Security practices should be in place before the arrival of Oracle Exadata Database Machine.
After arrival, the security practices should be periodically reviewed and adjusted to stay current with the security requirements of your organization.
Oracle Exadata Database Machine includes many layered security controls that can be tailored to meet an organization's specific policies and requirements.
Organizations must evaluate how to best utilize these capabilities and integrate them into their existing IT security architecture. Effective IT security must consider the people, processes, and technology in order to provide solid risk management and governance practices. Practices and policies should be designed and reviewed during the planning, installation, and deployment stages of Oracle Exadata Database Machine.
A unified approach to identity and access management should be used when integrating Oracle Exadata Database Machine components, and deployed services with an organization's existing identity and access management architecture. Oracle Database supports many open and standard protocols that allow it to be integrated with existing identity and access management deployments. To ensure application availability, unified identity and access management systems must be available, or the availability of Oracle Exadata Database Machine may be compromised.
Before Oracle Exadata Database Machine arrives, the following security considerations should be discussed. These considerations are based on Oracle best practices for Oracle Exadata Database Machine.
The ability to directly log in to common operating system accounts such as
oracle should be disabled. Individual user accounts should be created for each administrator. After logging in with their individual account, the administrator can use
sudo to run privileged commands, when required.
The use of intrusion prevention systems on database servers to monitor network traffic flowing to and from Oracle Exadata Database Machine. Such systems enable the identification of suspicious communications, potential attack patterns, and unauthorized access attempts.
The use of host-based intrusion detection and prevention systems for increased visibility within Oracle Exadata Database Machine. By using the fine-grained auditing capabilities of Oracle Database, host-based systems have a greater likelihood of detecting inappropriate actions and unauthorized activity.
The use of application and network-layer firewalls to protect information flowing to and from Oracle Exadata Database Machine. Filtering network ports provides the first line of defense in preventing unauthorized access to systems and services.
Network-level segmentation using Ethernet virtual local area networks (VLANs) and host-based firewalls enforce inbound and outbound network policy at the host level. Using segmentation allows fine-grained control of communications between components of Oracle Exadata Database Machine. Oracle Exadata Storage Servers include a configured software firewall by default. The database servers can be configured with a software firewall.
The use of encryption features such as transparent data encryption (TDE), Oracle Recovery Manager (RMAN) encryption for backups, and Oracle Advanced Security to encrypt traffic to Oracle Data Guard standby databases.
The use of centralized audit and log repositories to aggregate the security-relevant information for improved correlation, analysis, and reporting. Oracle Exadata Storage Servers support this through the cell attribute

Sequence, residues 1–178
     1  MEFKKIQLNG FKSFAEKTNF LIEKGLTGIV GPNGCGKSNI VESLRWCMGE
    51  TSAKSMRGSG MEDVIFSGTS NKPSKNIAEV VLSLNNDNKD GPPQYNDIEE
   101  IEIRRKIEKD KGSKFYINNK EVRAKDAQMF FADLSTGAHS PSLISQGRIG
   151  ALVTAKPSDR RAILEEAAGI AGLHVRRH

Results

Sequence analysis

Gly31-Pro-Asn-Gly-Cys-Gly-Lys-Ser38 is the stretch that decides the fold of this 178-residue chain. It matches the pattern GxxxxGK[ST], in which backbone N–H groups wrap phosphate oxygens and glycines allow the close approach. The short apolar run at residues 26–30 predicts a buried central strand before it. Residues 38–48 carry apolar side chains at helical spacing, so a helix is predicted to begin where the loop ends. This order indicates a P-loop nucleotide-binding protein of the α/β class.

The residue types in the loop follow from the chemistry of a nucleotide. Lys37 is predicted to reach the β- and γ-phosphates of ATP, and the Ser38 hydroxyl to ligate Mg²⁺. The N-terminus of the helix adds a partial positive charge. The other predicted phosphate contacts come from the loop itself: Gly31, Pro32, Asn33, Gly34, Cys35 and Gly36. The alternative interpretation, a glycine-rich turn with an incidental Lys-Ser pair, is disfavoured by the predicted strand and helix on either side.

syslogConf. The database servers support centralized logging using the typical system configuration methods.
While many of the features integrated into Oracle Exadata Database Machine are configured by default for secure deployment, organizations have their own security configuration standards. It is important to review Oracle security information before testing any security setting changes to Oracle Exadata Database Machine components. In particular, it is important to identify where existing standards can be improved, and where support issues may limit what changes can be made to a given component.
To minimize the attack surface, Oracle Exadata Storage Servers do not support customization outside of their management interfaces. No custom users are permitted on the storage servers. The servers have been optimized and hardened for their specific purpose.
The security of the data and system is diminished by weak network security. Oracle recommends the following guidelines to maximize your Ethernet network security:
Configure of administrative and operational services to use encryption protocols and key lengths that align with current policies. Cryptographic services provided by Oracle Exadata Database Machine benefit from hardware acceleration, which improves security without impacting performance.
Create separate software owner accounts for Oracle Grid Infrastructure and Oracle Database software installations. These accounts should be used when deploying Oracle Exadata Database Machine.
Manage and separate switches in Oracle Exadata Database Machine from data traffic on the network. This separation is also referred to as "out-of-band."
Separate sensitive clusters of system from the rest of the network when using virtual local area networks (VLANs). This decreases the likelihood that users can gain access to information on these clients and servers.
Use a static VLAN configuration.
Disable unused switch ports, and assign an unused VLAN number.
Assign a unique native VLAN number to trunk ports.
Limit the VLANs that can be transported over a trunk to only those that are strictly required.
Disable VLAN Trunking Protocol (VTP), if possible. If it is not possible, then set the management domain, password and pruning for VTP. In addition, set VTP to transparent mode.
Disable unnecessary network services, such as TCP small servers or HTTP. Enable only necessary network services, and configure these services securely.
Network switches offer different levels of port security features. Use these port security features if they are available: